Latinx Designers Are Transforming Fashion
This feature was created in partnership with the CFDA.
How do you speak about a pan-Latin community of fashion designers that spans continents and cultures, from Latin America to the United States? With an awareness of nuance—and an overwhelming sense of joy, pride, and celebration of journeys hard won.
Pioneers such as Adolfo, Oscar de la Renta, and Carolina Herrera— from Cuba, the Dominican Republic, and Venezuela, respectively—distinguished themselves at a time when a Eurocentric vision of beauty was still the norm in this country. They helped reimagine the idea of what American fashion could look like, putting the female form front and center in their work. Today, the current crop of Latin designers brings fresh perspectives, tells personal stories, and champions social issues. Despite varying aesthetics and cultural standpoints, what they share is authenticity—and a commitment to diversity, sustainability, and community empowerment.
“I always like the saying that you can take the girl out of the country, but not the country out of the girl,” says Uruguayan-born designer Gabriela Hearst. Her heritage is “so much part of who I am and how I deem what is important or not and my value system. It is everything.” She and her fellow Latinx designers “always have a way of expressing our culture that resonates in a very beautiful way in fashion. I would say we bring some attitude.” Now at the helm of Chloé as well as her namesake brand, the CFDA member cites Carolina Herrera and Oscar de la Renta as early inspirations, and she is doing her part to mentor those coming up behind her by offering “whatever I can share: my experience, my mistakes, what has worked, my point of view,” she says. “I am of service, especially for the up-and-coming designers, because the world is theirs.”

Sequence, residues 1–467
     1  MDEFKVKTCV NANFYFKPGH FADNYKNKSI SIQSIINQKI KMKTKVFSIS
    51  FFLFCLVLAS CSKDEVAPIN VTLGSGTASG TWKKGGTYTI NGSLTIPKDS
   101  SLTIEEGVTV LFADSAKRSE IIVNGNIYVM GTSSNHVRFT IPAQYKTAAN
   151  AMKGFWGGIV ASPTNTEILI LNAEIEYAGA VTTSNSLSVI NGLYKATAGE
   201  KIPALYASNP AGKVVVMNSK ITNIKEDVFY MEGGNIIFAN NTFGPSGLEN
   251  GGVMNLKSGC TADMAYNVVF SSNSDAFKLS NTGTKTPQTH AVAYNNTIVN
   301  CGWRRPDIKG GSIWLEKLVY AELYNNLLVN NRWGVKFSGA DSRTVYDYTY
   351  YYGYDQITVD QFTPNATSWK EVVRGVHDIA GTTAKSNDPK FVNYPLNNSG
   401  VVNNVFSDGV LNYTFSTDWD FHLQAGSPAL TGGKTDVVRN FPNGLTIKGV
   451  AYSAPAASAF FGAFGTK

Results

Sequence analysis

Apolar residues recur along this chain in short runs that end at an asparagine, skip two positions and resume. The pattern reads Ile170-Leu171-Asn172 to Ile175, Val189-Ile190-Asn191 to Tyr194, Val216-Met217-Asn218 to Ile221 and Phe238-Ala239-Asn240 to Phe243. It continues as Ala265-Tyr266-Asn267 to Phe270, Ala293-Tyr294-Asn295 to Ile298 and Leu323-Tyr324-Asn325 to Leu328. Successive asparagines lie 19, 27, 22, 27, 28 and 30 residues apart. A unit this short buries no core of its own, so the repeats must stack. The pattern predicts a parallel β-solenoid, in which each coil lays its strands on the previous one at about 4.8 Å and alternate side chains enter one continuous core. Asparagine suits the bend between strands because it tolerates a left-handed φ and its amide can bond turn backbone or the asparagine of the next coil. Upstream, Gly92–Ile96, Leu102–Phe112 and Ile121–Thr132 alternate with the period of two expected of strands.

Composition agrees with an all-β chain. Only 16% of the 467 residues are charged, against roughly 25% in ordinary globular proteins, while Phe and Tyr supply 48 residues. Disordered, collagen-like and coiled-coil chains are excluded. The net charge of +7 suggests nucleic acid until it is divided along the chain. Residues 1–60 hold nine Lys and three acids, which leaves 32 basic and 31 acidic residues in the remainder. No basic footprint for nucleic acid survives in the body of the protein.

While Latin American designers mostly refer to themselves by their country of origin, some Americans of Latin American descent have more recently embraced the inclusive term Latinx, a gender-neutral alternative. “The issues that Latinx people face are slightly different from those of Latin American people. There’s always an undercurrent of discrimination when we’re talking about minorities in the United States. If you are categorized as a Latino, an Asian American, or a Black person, that has implications in your day-to-day life,” says Tanya Meléndez-Escalante, senior curator of education and public programs at the Museum at FIT, who is currently working with FIT collections and education assistant Michelle McVicker on a Latinx fashion exhibition, slated for 2023.
Growing up in Miami, Lazaro Hernandez, who is Cuban American, got an after-school education hanging out at his mom’s beauty salon. “In Cuban culture,” he explains, “women run the show.” He would eavesdrop on the salon’s patrons talking about beauty and fashion. “It was my exposure to the world of women,” he says. “That’s how I got into fashion, via my mom.” When he and Jack McCollough started Proenza Schouler after meeting at Parsons, he found Oscar de la Renta to be a generous mentor. “In the early days, when we had no money, he would find us jobs on the side,” he remembers. “We connected about food and moms; we had similar stories from our culture in common.” He also provided mentorship in a less direct sense: the fact that people like De la Renta and Cristóbal Balenciaga, who “reached the heights of fashion, happen to speak my language. I was like, ‘Oh, I’m just like them.’ I never considered this a space that wasn’t for me.”
As Bogotá-born, Milan- and Chicago-trained Kika Vargas, who was recently named the first Colombian finalist for the prestigious LVMH Prize, says, “Latin heritage is something we carry in our hearts, our system, our DNA. It doesn’t necessarily mean you have to live in Latin America. My Latin heritage is more about feeling powerful.”
Ruben Toledo, the renowned Cuban American artist and fashion illustrator, says, “Diversity itself is the thread that connects, not divides us. We are very aware we come in all skin colors, shades, shapes, and sizes. We applauded diversity from day one.” Like her husband, the late Isabel Toledo made embracing differences her signature. A “designer’s designer,” she left her indelible mark by upholding fashion as art, inspiring the industry and her clients alike with her technical mastery.